The next generation of high-tech cars is designed to drive themselves onto a busy city street. In a recent test, a Google driverless car successfully drove over 100 miles on a California highway. If robotics can work safely in a congested city street, then can it also drive themselves onto the highway?
Some people say no. The transportation officials in charge of making sure national highways are travel safe say that human drivers do not meet minimum safety standards. In fact, human drivers who speed and swerve into traffic put themselves and others at risk. A recent report by the transportation authority in the Spanish city, Panda Motors, found that drivers who had ever been involved in an accident while driving alone had no accidents in the following year. That is not necessarily a comforting thought for those who rely on these cars as a means of transportation.
What is your take on self-driving cars?
Technology for recognizing and owning automobiles to take proper care of humans while driving does not exist yet. Things are looking good in that area; however. Most major automotive companies are working on developing technology to reduce accidents and reduce energy use. As a consumer, however, you have to take some initiatives to prepare for and prevent possible accidents.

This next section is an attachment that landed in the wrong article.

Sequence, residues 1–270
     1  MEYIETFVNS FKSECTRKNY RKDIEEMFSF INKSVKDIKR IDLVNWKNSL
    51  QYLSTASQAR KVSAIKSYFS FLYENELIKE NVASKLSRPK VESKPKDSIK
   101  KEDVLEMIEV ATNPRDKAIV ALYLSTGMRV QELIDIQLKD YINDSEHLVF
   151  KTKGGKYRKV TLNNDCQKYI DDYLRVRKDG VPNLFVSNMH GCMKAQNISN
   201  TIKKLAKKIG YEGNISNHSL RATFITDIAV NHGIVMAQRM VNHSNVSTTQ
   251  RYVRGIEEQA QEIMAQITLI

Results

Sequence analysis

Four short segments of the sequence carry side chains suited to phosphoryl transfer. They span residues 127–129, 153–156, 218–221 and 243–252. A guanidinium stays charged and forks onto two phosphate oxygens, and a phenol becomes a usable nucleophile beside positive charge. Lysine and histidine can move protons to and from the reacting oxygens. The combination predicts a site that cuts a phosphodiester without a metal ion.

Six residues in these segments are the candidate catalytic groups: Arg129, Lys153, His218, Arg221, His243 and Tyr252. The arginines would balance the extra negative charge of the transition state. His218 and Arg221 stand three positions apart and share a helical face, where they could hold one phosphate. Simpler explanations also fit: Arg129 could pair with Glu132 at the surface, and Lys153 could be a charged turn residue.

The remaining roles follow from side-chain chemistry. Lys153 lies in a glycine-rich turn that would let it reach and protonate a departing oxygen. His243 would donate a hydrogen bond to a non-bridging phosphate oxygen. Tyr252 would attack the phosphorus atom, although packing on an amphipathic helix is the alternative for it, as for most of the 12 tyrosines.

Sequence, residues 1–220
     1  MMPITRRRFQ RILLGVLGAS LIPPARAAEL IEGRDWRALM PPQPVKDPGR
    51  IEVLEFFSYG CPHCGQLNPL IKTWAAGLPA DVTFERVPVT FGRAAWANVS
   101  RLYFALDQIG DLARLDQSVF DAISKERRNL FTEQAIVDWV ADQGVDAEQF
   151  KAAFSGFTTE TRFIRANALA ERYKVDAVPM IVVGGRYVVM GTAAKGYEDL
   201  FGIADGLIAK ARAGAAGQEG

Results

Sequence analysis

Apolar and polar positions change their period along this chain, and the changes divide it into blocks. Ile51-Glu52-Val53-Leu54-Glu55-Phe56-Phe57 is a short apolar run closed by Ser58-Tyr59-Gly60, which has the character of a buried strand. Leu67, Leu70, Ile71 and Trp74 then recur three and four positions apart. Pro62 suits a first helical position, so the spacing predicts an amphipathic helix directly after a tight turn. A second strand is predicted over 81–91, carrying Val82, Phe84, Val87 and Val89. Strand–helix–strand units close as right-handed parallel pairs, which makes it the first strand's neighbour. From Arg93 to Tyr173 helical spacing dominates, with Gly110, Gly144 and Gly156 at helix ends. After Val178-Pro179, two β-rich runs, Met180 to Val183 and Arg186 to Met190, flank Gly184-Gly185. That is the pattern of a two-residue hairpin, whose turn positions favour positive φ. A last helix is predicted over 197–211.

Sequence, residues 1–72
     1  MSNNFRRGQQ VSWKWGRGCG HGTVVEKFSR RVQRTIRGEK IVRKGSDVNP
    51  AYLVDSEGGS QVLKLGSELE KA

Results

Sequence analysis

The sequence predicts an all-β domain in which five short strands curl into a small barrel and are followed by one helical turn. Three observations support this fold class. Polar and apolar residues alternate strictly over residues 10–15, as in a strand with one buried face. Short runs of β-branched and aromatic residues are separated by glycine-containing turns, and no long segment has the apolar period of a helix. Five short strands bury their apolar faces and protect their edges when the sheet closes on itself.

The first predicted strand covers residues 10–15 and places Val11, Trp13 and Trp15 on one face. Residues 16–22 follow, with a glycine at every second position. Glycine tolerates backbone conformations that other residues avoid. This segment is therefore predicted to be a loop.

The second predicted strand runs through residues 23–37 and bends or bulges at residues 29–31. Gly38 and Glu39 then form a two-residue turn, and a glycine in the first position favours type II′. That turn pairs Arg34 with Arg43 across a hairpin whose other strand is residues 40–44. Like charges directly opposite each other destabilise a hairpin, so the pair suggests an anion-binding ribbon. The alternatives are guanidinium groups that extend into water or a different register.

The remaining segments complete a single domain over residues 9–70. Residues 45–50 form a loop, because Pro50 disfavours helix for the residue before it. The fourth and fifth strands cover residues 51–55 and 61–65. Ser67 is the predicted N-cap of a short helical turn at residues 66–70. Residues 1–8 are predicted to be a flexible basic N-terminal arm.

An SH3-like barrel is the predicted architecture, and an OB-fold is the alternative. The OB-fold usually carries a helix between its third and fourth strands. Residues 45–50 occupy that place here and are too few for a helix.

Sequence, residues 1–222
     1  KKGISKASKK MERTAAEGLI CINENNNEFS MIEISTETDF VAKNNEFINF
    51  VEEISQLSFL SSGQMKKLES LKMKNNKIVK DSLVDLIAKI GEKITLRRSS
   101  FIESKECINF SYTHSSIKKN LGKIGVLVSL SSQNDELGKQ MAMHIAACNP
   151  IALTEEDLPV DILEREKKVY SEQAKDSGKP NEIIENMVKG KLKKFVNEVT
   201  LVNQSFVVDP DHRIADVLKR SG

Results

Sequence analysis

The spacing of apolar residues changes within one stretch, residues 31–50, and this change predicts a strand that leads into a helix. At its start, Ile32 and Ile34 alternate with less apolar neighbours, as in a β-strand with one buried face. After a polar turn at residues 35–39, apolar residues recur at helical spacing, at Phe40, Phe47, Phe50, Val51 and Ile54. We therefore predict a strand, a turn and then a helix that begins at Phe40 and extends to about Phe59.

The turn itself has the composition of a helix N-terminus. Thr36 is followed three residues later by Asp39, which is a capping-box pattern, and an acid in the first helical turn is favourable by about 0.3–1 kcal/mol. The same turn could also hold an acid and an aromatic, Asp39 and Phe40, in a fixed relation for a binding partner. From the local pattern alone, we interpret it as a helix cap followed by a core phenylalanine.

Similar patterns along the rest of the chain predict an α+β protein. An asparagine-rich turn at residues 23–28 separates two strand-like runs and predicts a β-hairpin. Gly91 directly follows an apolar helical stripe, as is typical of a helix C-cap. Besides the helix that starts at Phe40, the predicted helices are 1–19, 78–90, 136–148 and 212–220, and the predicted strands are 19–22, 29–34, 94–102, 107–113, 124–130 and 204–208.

First in your line of defense: your own driving. If you are letting your driving habits get too old and sloppy, and schedule a relatively short workout routine, you can at least take some measures to improve your skills. For instance, start off your workday with a short walk. If you are a fitness freak, you can even focus on weight training. This long routine will improve your technique and technique without neglecting your daily responsibilities.
Modify your work hours. If you are running on an 8-hour workday, but feel like you can only get to your desk around 9-10, you can modify your work period to include earlier or later parts of the day. You can choose to finish the first part of your workday earlier than the second. This will ensure that you get the needed mental focus for the learning activities that you will be doing that alleviate stress.
You can also choose to modify your workflow so that you finish your chunk of work, then continue your programmed intervals of movement as long as you can still work. If you don’t feel like you can get your act together, logging out, and waiting for your computer to load can be a good alternative to automation.
The steps you take to get yourself out of autopilot might be a little harder, but there are ways to get yourself out of autopilot and back into the driver’s seat. A little repetition in simple, everyday tasks will help you to remember that you are in control of your life and that you can choose to take a little more charge of your life.
And, remember that hard work is still hard work. Even though you’ve adapted to the computer gig, maintaining that same level of drive and enthusiasm will reap far greater rewards.